Giant rabbits can grow up to a metre in height and weigh a massive 12kgs. They are getting bigger with each generation.
A few years ago there were stories about giant rabbits circulating around the internet and these were considered to be spoofs which were circulated via email just for the sake of it. Emails of this type are not uncommon.
How many people have received emails entitled: ‘Lead in lipstick’, ‘1600 pound man eating grizzly bear’, or ‘Poisonous camel spiders secretly inject venom’?
All these stories were untrue email hoaxes.
However, the tales of giant rabbits which have often been put into the same category are in fact true.
A German man has reared a giant rabbit which stands at one metre tall. The rabbit, named Herman, has ears which measure twenty one centimetres long. This is about the length of an average rabbit. At 7.7kgs, Herman is a giant, even for his own breed which normally weighs around 6kgs once fully grown.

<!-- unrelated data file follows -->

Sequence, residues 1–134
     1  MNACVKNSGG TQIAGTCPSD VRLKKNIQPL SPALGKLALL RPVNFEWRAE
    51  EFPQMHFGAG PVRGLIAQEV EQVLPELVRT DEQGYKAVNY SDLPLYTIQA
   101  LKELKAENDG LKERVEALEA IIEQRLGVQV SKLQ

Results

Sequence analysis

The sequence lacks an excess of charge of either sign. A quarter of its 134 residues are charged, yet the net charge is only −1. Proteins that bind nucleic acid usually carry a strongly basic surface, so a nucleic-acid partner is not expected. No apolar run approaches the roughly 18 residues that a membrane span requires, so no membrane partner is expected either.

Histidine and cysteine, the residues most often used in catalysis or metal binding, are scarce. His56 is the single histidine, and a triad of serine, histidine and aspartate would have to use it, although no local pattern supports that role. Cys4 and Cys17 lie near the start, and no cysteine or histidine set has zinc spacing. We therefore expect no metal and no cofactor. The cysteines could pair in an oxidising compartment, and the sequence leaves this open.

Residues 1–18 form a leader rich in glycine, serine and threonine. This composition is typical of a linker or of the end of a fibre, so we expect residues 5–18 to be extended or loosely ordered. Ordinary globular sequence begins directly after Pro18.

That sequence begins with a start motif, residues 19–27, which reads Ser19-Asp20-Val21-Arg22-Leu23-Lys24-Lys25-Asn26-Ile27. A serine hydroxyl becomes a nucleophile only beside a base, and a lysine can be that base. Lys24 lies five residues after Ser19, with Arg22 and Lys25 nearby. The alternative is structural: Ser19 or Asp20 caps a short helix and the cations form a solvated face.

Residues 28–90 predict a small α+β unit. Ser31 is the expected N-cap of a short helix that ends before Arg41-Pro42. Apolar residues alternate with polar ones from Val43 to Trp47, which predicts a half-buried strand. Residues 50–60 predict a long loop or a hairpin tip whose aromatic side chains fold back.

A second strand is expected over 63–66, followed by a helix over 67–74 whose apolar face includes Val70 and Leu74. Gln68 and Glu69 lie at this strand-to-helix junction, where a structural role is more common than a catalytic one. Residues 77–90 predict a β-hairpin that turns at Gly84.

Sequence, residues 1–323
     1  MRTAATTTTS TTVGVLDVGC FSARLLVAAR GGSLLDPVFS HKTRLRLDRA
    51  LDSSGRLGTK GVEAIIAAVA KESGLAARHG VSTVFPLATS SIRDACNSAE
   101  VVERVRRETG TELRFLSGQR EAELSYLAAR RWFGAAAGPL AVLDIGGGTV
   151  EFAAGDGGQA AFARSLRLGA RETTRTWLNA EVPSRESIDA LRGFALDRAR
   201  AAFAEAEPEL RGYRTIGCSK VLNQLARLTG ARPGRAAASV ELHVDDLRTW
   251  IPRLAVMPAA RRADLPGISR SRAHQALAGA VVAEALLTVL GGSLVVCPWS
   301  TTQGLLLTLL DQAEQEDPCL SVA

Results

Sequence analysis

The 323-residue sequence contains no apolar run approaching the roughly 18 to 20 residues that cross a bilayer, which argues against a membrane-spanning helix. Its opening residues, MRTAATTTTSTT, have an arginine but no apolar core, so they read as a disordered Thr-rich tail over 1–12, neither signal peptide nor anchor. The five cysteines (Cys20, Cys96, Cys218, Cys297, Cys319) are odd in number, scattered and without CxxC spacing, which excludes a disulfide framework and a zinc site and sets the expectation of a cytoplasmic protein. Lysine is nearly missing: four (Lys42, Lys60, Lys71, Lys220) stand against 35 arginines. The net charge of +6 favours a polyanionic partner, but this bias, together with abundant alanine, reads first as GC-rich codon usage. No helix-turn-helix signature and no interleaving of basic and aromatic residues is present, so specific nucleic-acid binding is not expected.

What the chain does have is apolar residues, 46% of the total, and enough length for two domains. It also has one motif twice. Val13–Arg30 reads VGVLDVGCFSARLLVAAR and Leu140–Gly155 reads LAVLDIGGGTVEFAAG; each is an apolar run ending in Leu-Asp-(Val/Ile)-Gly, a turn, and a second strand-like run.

Herman the Rabbit Weighs in at 7.7kgs.
Herman is housed in a specially built wooden hutch and eats more that 2kgs of food per day. His owner, Hans Wagner, from Berlin, says that Herman’s favorite treat is lettuce, but he also gets through a bale of hay every week. Vitamin pills also help to keep him healthy.
This German rabbit could be a world record holder but the Guinness World Records have stopped accepting entries for this category because of concern over people feed their rabbits too much in order to achieve a world record.
There are several contenders for the title including the current champion which is a French rabbit weighing just over 12 kgs and Bodmin, the Flemish Giant rabbit who was reared in Scotland and weighs in at 9kgs.
Bodmin’s owner, Michael Alford says that the rabbit can eat a whole cabbage, or cauliflower at one sitting and is still growing.
A common domestic rabbit can reach around 8 kgs at the most, but this is not usual. Most would weigh in at around 3 or 4 kgs once they are fully grown. However, Bodmin has a long way to go before he catches up with the current record holder.
If you receive emailed stories about record holding rabbits, grizzly bears, spiders, lipstick or anything else and you aren’t sure if they are true, you can often find them exposed on www.snopes.com.